Average annual increase in Australia’s gross domestic product was 3.65% during the 11 Howard years. Then down to 2.44% under Labor.

Here’s the dodginess: Australia’s average through the Howard years was about the same as equivalent countries. The USA averaged 3.04%. Canada 3.3%. Some European countries were higher. Luxembourg averaged 4.78%.

Then the GFC knocked the stuffing out of every economy — except one.

In the five years under Labor in Australia, growth has been 2.44%. But in the USA: 0.54%; in Canada: 0.94%; and in Luxembourg: 0.52%. And the Euro Zone: negative 2.3%!

Economists around the world regard this as a major pointer to the Australian Government being the world’s best economic manager. Tony Abbott should not claim the opposite.


(Source: Greg Jericho / ABC)

 

5. “That’s why good governments are at least as careful spending the money they hold on trust from the people as you are when making decisions that affect your family’s budget.”

Only twice has there been careless spending in Australia’s history, according to a January report by Harvard economist Dr Paolo Mauro and others, published by the International Monetary Fund.

They examined 200 years of finances in 55 countries and found two periods of "fiscal profligacy" in Australia — both during the Howard years. Not since then.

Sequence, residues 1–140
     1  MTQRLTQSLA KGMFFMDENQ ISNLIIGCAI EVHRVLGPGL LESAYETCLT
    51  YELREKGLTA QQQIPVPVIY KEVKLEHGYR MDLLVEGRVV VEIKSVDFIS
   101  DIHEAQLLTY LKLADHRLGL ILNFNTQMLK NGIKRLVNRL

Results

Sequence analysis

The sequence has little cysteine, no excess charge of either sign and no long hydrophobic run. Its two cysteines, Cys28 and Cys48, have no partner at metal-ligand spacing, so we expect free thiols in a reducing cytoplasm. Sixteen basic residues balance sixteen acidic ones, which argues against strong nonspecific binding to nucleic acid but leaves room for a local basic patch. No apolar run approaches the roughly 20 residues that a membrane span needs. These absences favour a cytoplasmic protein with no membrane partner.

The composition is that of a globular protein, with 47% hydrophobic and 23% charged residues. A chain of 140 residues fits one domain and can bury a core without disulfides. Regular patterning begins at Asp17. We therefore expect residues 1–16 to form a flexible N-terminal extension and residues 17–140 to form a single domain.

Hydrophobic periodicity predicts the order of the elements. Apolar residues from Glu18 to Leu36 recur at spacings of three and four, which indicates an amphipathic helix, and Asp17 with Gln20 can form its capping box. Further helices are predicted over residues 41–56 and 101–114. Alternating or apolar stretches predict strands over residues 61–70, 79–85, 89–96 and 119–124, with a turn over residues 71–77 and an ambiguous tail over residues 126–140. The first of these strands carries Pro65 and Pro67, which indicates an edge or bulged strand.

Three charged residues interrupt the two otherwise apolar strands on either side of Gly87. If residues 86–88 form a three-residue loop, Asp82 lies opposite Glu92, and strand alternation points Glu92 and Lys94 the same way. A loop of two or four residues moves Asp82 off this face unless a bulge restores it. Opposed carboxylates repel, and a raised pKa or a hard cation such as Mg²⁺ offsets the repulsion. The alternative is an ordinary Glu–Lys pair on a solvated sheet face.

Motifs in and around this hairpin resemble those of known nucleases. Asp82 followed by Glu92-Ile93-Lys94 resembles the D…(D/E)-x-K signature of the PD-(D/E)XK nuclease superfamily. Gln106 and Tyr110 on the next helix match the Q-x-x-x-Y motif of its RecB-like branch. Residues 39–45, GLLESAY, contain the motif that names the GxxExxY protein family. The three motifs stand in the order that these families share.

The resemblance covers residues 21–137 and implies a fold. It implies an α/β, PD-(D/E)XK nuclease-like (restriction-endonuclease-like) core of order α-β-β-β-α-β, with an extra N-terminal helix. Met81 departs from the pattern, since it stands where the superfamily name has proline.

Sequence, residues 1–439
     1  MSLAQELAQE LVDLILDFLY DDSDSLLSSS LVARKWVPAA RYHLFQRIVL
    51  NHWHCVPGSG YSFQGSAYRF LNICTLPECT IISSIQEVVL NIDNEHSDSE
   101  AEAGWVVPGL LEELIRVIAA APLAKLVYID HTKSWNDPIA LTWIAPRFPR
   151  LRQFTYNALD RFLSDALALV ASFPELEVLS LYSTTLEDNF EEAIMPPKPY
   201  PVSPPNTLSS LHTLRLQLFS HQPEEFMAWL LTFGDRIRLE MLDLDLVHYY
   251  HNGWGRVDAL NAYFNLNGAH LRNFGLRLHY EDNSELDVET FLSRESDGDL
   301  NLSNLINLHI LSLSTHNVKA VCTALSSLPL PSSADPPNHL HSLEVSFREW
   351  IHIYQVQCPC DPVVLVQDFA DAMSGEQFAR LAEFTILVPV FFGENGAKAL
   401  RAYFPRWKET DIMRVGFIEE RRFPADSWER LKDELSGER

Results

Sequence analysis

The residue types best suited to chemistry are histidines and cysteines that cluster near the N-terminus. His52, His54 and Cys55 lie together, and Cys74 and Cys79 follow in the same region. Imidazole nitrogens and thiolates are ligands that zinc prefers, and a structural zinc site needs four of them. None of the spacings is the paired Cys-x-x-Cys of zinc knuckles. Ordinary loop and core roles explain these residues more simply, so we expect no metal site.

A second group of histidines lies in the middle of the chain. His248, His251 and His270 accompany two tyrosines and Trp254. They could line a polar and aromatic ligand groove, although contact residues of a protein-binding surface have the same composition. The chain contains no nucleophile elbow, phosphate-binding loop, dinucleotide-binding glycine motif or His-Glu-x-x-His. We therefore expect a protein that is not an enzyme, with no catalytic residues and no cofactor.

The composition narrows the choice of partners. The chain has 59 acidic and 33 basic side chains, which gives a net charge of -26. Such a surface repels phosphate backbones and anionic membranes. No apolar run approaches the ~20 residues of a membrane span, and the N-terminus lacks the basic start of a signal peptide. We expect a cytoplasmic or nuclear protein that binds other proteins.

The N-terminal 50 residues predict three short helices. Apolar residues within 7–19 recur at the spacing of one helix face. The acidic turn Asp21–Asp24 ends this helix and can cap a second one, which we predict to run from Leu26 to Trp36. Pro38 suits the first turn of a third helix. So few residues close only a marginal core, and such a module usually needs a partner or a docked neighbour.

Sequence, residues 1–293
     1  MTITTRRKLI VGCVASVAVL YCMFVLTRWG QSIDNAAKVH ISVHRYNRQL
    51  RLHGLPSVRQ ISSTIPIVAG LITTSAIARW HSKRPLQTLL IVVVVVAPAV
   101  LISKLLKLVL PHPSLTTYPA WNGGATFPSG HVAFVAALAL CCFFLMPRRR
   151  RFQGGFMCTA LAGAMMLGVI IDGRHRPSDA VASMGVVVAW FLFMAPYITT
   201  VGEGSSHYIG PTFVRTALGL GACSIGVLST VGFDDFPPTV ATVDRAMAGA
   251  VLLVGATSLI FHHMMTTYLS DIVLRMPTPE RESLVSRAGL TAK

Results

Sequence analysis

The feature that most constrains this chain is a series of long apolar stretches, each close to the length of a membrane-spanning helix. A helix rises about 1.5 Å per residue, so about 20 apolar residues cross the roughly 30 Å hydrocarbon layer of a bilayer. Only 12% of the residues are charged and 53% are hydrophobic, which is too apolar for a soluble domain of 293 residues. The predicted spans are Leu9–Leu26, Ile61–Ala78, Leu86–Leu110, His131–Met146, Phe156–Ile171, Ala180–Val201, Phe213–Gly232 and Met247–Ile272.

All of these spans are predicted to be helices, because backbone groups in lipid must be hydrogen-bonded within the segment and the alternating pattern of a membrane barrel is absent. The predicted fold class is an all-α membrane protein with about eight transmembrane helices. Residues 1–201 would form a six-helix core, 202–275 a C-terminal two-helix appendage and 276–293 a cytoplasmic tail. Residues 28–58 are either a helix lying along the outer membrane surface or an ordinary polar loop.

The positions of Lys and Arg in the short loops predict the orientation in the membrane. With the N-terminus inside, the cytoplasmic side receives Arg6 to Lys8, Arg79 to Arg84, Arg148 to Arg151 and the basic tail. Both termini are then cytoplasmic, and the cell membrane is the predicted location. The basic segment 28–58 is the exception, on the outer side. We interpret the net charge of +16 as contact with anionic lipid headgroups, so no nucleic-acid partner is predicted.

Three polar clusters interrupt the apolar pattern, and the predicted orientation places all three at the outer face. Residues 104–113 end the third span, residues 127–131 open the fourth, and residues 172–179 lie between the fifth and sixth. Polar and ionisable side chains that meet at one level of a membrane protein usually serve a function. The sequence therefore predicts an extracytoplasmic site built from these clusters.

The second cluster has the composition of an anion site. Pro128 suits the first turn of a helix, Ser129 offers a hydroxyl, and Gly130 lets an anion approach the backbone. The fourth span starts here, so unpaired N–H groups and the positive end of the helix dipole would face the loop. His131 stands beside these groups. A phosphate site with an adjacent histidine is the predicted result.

6. “This government has [made your life harder] with its … skyrocketing debt.”

Australia’s borrowings, according to virtually all independent analysis, are at the right levels for the times.

New York-based Moody's international credit rating agency reassessed Australia’s economy following last week’s Budget.

“Consolidated government debt is still low compared to other AAA-rated countries at well under 30% of GDP,” Moody’s stated. “Australia's relatively low level of government debt has been one of the factors supporting the AAA rating.”

Only ten wealthy nations reduced debt to GDP in the last year. Australia’s reduction by 2.2% was only bettered by Iceland and Norway. That is not “skyrocketing”.


(Source: Treasury.gov.au)

 

7. Far from making “your life harder” it is precisely the low level of borrowings set by the Rudd Government to fund the optimum level of stimulus which saved Australia almost alone in the world [with Poland] from severe recession in 2008-09.

Had the Government taken any other course – followed Coalition policy, for example – Australia would likely still be ranked 12th and mired in deep recession, unemployment and poverty.

8. “The government promised a surplus over the cycle but this isn’t a cycle — it’s a spiral, deeper and deeper into debt ...”

Nonsense. Paul Keating restructured Australia’s economy and brought the accounts back into surplus. Keating delivered three. This allowed Peter Costello then to deliver another nine. But who delivered surpluses prior to that?